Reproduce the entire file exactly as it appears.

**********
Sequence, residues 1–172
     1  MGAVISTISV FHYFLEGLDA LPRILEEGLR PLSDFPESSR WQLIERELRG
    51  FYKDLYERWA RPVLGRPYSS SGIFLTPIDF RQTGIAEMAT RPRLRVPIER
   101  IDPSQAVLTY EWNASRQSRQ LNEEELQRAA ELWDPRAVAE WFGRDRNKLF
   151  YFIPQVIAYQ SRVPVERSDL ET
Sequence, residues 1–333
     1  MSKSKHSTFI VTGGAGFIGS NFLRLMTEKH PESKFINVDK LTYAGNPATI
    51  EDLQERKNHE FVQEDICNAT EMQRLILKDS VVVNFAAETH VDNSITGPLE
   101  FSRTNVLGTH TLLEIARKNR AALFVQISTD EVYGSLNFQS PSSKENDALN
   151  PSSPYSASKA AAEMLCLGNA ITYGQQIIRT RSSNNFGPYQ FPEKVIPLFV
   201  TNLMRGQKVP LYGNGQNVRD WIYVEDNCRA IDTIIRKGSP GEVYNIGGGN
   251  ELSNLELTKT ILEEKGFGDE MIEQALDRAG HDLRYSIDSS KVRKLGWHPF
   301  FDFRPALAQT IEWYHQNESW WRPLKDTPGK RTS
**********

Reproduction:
Sequence, residues 1–172
     1  MGAVISTISV FHYFLEGLDA LPRILEEGLR PLSDFPESSR WQLIERELRG
    51  FYKDLYERWA RPVLGRPYSS SGIFLTPIDF RQTGIAEMAT RPRLRVPIER
   101  IDPSQAVLTY EWNASRQSRQ LNEEELQRAA ELWDPRAVAE WFGRDRNKLF
   151  YFIPQVIAYQ SRVPVERSDL ET
Sequence, residues 1–333
     1  MSKSKHSTFI VTGGAGFIGS NFLRLMTEKH PESKFINVDK LTYAGNPATI
    51  EDLQERKNHE FVQEDICNAT EMQRLILKDS VVVNFAAETH VDNSITGPLE
   101  FSRTNVLGTH TLLEIARKNR AALFVQISTD EVYGSLNFQS PSSKENDALN
   151  PSSPYSASKA AAEMLCLGNA ITYGQQIIRT RSSNNFGPYQ FPEKVIPLFV
   201  TNLMRGQKVP LYGNGQNVRD WIYVEDNCRA IDTIIRKGSP GEVYNIGGGN
   251  ELSNLELTKT ILEEKGFGDE MIEQALDRAG HDLRYSIDSS KVRKLGWHPF
   301  FDFRPALAQT IEWYHQNESW WRPLKDTPGK RTS